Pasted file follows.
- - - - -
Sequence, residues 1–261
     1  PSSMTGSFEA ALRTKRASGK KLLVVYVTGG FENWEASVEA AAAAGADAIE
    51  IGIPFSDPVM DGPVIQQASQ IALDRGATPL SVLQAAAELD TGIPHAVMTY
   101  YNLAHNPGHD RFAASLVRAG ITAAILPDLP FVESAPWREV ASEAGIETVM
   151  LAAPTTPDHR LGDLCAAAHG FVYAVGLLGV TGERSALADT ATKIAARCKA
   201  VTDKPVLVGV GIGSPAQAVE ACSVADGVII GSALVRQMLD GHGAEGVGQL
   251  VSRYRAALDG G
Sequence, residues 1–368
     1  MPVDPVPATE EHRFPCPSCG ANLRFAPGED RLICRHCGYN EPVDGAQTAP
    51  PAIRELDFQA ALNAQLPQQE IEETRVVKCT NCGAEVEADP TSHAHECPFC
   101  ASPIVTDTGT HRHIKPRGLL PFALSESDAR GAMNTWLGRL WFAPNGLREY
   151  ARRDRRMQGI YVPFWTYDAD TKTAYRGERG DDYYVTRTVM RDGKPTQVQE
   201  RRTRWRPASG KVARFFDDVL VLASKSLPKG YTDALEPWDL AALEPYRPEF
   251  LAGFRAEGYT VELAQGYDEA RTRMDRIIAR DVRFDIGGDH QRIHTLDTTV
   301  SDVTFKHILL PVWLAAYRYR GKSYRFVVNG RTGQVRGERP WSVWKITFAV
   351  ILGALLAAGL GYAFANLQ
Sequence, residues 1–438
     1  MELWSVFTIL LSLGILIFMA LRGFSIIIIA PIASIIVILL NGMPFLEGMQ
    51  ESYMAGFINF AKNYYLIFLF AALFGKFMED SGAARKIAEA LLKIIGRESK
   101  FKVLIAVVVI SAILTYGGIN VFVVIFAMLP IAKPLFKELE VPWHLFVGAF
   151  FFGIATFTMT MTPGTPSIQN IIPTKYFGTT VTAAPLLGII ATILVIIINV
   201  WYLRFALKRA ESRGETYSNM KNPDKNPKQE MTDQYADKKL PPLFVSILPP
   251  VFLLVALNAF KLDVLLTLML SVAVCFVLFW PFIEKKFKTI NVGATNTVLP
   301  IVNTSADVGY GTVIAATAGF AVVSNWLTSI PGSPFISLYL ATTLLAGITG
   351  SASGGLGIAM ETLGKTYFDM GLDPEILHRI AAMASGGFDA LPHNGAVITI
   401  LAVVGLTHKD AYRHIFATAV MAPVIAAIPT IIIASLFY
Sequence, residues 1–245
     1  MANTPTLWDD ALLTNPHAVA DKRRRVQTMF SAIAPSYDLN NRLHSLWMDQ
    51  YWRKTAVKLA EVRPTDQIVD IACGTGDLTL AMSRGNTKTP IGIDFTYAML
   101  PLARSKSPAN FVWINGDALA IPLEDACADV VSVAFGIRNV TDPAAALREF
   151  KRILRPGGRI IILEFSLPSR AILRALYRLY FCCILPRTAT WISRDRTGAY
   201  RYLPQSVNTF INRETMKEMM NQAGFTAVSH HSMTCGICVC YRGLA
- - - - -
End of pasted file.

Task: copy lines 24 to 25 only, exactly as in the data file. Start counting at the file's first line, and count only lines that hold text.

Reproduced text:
   301  IVNTSADVGY GTVIAATAGF AVVSNWLTSI PGSPFISLYL ATTLLAGITG
   351  SASGGLGIAM ETLGKTYFDM GLDPEILHRI AAMASGGFDA LPHNGAVITI